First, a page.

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Workshops on Robotic Surgery with experimental models at CCMIJU

This year, CCMIJU, partner of NANBIOSIS, at Cáceres, has organised some new hands-on and customised workshops with robotic technology, expected for 2020 last term.

Specifically CCMIJU is organising, in collaboration with the Enterprise ABEX-Excelencia Robótica SL, some workshops on Robotic Surgery (da Vinci Xi) using experimental models. They are addressed to health professionals from several specialties (urology, gynaecology, general surgery and thoracic surgery) interested in practising with this technology.

The workshops will count on a clinical specialist from ABEX, who will explain the technical features of the robotic equipment, the associated technologies and the virtual simulator for exercises. Subsequently the health professionals, monitored by a tutor-specialist, will be able to practice a surgical approach on the virtual simulator and in vivo, on experimental models.

The mentioned workshops will be developed in a full day, morning- afternoon, in two sessions: virtual simulation an in vivo model. Both of them will be customised and will count on a tutor for surgical training in experimental models.

The focus is to improve the patients’ health care, training surgeons and health professionals in innovative solutions.

For further info, please e-mail  idoiadiaz@ccmijesususon.com

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The Scientific Director of NANBIOSIS Unit 7, awarded with the Narcís Monturiol medal for his contribution to science and technology

The Catalan Government announced yesterday the Narcís Monturiol Medal award for scientific and technological merit to the Director of NANBIOSIS Unit 7 Nanotechnology Unit from CIBER-BBN and IBEC, Josep Samitier Martí, for his contribution to the development of the Catalan system of science and technology.

The Narcís Monturiol Prize was established by the Generalitat of Catalonia in 1982, in honor of the Catalan scientist and inventor Narciso Monturiol, to award the people and entities that have made an outstanding contribution to the scientific and technological progress of Catalonia.

It is awarded in the form of medals and plaques. The medals are awarded to individuals, and the plates to legal entities.

This year, ten researchers from the Catalan knowledge system have received this distinction (Ramon Brugada and Terradellas, Paul Christou, M. Teresa Espinal and Farré, Manel Esteller, Pilar García Almirall, Paloma Mas, Victoria Reyes García, Jordi Salas-Salvadó, Josep Samitier and Martí and Sebastián Xambó Descamps), also the Institute of Photonic Sciences (ICFO) has received the Narcís Monturiol Plate, which recognizes an institution of the country.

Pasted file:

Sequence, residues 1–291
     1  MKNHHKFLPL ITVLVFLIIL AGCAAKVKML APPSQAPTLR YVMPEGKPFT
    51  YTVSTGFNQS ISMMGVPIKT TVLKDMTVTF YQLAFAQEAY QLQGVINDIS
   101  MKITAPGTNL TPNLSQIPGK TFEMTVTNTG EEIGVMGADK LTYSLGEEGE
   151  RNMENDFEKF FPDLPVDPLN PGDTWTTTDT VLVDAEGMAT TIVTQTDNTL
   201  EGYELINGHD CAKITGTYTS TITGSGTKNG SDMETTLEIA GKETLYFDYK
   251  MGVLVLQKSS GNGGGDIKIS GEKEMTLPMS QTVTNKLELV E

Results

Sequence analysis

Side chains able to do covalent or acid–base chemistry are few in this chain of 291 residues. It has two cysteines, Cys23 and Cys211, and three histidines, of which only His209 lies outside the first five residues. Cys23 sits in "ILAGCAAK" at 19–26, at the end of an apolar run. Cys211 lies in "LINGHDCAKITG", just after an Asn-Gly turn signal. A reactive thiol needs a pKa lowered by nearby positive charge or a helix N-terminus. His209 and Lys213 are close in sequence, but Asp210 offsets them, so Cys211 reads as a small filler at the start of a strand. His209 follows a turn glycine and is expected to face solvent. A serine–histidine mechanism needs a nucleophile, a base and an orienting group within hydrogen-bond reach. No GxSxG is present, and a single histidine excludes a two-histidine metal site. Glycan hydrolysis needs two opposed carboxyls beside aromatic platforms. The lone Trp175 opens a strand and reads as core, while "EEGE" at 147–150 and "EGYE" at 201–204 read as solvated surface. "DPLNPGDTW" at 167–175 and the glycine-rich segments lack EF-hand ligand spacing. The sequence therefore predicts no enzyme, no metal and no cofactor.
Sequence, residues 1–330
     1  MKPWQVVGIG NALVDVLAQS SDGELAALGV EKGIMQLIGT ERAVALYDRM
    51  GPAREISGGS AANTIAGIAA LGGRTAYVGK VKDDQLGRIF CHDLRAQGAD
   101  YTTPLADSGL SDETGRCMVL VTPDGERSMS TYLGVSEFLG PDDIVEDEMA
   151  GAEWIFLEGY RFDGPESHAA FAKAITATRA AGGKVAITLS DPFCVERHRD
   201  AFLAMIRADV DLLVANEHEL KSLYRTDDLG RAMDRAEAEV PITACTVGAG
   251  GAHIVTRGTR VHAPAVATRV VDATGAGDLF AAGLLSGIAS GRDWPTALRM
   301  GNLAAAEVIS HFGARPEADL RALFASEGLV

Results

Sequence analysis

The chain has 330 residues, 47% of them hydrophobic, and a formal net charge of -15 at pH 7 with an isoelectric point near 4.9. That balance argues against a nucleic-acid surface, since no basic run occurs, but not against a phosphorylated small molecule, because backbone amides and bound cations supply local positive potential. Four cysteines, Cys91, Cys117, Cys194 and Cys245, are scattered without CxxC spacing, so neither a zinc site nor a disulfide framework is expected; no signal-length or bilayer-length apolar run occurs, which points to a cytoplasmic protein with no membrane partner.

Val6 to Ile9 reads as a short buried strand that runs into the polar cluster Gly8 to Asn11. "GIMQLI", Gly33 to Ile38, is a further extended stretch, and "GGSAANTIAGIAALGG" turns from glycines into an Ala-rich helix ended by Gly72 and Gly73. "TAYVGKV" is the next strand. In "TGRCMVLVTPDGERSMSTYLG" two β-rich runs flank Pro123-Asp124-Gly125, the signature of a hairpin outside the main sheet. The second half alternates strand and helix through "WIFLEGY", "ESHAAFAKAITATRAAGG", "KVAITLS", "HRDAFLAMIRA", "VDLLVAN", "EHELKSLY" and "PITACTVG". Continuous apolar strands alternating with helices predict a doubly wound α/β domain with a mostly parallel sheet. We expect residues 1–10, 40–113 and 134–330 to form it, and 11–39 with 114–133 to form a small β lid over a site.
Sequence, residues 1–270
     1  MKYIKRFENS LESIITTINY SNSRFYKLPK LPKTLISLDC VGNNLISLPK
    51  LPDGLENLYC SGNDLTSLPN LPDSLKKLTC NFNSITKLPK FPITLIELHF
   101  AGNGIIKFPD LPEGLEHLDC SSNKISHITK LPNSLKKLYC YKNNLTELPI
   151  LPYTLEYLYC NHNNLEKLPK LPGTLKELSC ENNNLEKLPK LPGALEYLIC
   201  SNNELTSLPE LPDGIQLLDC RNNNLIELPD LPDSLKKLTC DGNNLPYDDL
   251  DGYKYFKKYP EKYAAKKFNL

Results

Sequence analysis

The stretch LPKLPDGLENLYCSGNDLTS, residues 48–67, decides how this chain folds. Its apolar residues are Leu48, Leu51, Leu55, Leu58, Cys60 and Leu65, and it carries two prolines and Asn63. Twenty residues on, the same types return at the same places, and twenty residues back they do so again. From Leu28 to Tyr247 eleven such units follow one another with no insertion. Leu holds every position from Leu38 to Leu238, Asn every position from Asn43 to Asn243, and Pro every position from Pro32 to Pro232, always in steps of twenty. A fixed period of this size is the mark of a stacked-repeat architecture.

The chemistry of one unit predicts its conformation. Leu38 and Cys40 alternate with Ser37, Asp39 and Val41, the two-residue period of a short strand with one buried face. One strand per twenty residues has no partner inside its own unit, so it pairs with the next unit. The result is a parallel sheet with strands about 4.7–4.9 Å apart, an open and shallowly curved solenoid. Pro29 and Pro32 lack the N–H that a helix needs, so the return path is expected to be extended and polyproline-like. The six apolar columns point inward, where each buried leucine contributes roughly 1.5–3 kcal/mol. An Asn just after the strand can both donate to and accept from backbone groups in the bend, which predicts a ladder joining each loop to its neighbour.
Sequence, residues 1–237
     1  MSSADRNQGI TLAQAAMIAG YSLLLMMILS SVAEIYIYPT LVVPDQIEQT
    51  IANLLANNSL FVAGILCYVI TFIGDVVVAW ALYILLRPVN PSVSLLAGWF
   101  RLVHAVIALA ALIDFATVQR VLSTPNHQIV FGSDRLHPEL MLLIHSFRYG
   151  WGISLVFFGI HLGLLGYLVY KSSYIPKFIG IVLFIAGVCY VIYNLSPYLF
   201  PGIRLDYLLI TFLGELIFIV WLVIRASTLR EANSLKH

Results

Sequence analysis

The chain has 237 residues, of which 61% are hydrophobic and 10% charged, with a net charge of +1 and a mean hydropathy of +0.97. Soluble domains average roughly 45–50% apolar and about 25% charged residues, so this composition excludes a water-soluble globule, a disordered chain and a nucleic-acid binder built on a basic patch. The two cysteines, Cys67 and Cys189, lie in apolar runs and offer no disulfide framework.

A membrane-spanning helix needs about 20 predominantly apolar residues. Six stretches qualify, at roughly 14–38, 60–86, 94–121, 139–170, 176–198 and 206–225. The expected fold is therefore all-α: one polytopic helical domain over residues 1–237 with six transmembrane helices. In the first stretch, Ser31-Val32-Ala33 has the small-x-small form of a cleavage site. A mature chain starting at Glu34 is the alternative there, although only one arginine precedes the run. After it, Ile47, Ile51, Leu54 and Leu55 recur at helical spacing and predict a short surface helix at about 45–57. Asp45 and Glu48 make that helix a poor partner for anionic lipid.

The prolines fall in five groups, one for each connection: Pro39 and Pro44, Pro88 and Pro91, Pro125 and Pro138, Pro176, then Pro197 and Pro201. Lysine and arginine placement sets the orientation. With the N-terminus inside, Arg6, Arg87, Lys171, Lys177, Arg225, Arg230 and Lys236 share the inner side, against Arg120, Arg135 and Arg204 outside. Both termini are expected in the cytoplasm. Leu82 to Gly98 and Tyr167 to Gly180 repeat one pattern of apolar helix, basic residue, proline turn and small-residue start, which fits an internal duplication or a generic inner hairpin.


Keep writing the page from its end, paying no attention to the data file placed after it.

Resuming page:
For further information here

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Unlocking the brain with novel graphene technology

Researchers of NANBIOSIS U8 Micro– Nano Technology Unit of CIBER-BBN at the Barcelona Institute of Microelectronics have participated in the recent developments of a new graphene-based detection platform that could be the gateway to unlock superior understanding of the brain by providing a measure of high brain activity resolution and in real time. This research has been developed within the framework of the EU BrainCom project.

The European Union’s Horizon 2020 research project, BrainCom, is coordinated by the ICN2 Advanced Electronic Materials and Devices Group led by Professor José A. Garrido and the CIBER BBN GBIO Group and the Nanbiosis U8 platform participate. (Anton Guimera, Xavier Illa, Ana Moya, Elisabet Prats and Rosa Villa)

Arguably, a better understanding of the working principles of the human brain remains one of the major scientific challenges of our time. Despite significant advances made in the field of neurotechnology in recent years, neural sensing interfaces still fall short of equally meeting requirements on biocompatibility, sensitivity, and high spatio-temporal resolution. The European Union Horizon 2020 research project BrainCom, coordinated by the ICN2 Advanced Electronic Materials and Devices Group led by ICREA Prof. José A. Garrido, is tackling these problems. BrainCom brings together experts from the fields of neurotechnology, neuroscience, and ethics to develop novel technologies capable of overcoming these limitations and shed light onto the mechanisms of information encoding and processing in the brain.

In four research articles published between March and April 2020 — featured in Elsevier’s Carbon, IOP’s 2D Materials, Wiley’s Small, and American Chemical Society’s Nano Letters — researchers from the BrainCom consortium present the technological advances achieved in the project, discuss in-depth methodology, and demonstrate novel capabilities for high resolution sensing of the brain’s electrical activity. The recent developments exploit the unique properties of graphene, an atom-thick layer of carbon, which conforms with the soft and convoluted surface of the brain providing an excellent neural sensing interface. Graphene sensors have an additional advantage that represents a turning point in neural engineering: the sensing mechanism of these graphene active sensors (so-called transistors) is compatible with  electronic multiplexing, a technology that enables transmitting the signals detected by multiple sensors through a single micrometric wire. This implies that the number of sensors on the neural implants can be increased while minimizing the footprint of the connectors required to link the implants to external electronic equipment.